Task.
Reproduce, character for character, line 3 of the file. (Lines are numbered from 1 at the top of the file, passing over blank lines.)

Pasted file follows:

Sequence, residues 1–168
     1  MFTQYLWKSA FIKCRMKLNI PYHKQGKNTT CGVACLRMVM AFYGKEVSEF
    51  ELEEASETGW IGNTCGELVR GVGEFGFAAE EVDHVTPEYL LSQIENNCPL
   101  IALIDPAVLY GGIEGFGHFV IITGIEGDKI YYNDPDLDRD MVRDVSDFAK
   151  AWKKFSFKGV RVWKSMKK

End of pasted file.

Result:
    51  ELEEASETGW IGNTCGELVR GVGEFGFAAE EVDHVTPEYL LSQIENNCPL